With elections in December to decide control of the Parliament, Mr. Putin is working hard to push the new oil revenues through the state system into the pockets of the people. Unpaid state salaries are being paid up, and in October, 33 percent increases in state salaries are to take effect.

Last week the Duma, the lower house of Parliament, voted to abolish the 5 percent national sales tax and reduced the value-added tax by 10 percent.

With oil revenues high, economists predict that these measures will not knock the government off course in its efforts to reduce inflation to 12 percent, down from 15 percent last year. But the government could crank up public spending this fall to earn good will for the parliamentary elections.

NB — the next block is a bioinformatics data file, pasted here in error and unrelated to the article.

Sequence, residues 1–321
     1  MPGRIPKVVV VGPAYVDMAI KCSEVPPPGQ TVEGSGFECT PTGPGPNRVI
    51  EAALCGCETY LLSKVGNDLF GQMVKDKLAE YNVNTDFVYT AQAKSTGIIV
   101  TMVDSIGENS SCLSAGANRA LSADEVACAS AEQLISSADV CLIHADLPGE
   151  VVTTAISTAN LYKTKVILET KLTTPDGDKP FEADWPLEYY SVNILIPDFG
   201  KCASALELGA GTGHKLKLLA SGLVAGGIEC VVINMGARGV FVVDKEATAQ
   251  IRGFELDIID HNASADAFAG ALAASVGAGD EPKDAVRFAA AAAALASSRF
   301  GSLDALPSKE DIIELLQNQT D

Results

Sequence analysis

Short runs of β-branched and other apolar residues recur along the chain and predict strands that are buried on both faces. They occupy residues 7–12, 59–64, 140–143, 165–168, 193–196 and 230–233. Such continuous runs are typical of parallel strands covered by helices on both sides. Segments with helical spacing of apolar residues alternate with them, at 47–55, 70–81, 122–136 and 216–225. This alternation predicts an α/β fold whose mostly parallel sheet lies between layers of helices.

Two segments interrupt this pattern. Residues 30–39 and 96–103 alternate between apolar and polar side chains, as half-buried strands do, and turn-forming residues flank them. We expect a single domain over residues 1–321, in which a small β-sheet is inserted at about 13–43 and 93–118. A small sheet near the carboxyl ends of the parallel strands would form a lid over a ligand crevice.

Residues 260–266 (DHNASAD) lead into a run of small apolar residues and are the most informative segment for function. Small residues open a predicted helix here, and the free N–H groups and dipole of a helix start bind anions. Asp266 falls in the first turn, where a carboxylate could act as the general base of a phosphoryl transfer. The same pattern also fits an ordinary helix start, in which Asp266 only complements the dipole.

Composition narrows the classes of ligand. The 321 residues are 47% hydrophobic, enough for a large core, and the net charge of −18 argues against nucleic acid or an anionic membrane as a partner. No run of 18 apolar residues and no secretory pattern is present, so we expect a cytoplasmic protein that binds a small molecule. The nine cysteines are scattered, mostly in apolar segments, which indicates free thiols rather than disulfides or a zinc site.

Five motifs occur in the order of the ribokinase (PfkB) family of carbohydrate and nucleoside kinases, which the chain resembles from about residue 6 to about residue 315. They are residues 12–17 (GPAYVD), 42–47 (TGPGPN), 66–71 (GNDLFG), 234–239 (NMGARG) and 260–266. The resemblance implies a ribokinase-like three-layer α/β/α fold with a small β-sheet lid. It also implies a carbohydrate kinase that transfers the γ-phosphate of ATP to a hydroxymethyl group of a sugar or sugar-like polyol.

All polls indicate that Mr. Putin will easily win another four-year term next March. But the December parliamentary elections remain a question mark, and the Communists have a chance of once again becoming Russia's dominant party. And Mr. Putin has been able to push through the Duma a series of free market economic changes because he has enjoyed a coalition majority that his predecessor never had.

Will Russia rise to meet the challenge of his 10-year plan? Mr. Putin responded Friday in a nationally televised news conference, "This won't be an easy task for Russia."

Speaking only days after meeting with President Bush in St. Petersburg, Mr. Putin sounded like a Russian Republican. He called for lower taxes, and for a program to "deregulate the economy and get the state out of areas where its presence is not justified and stifles economic activity."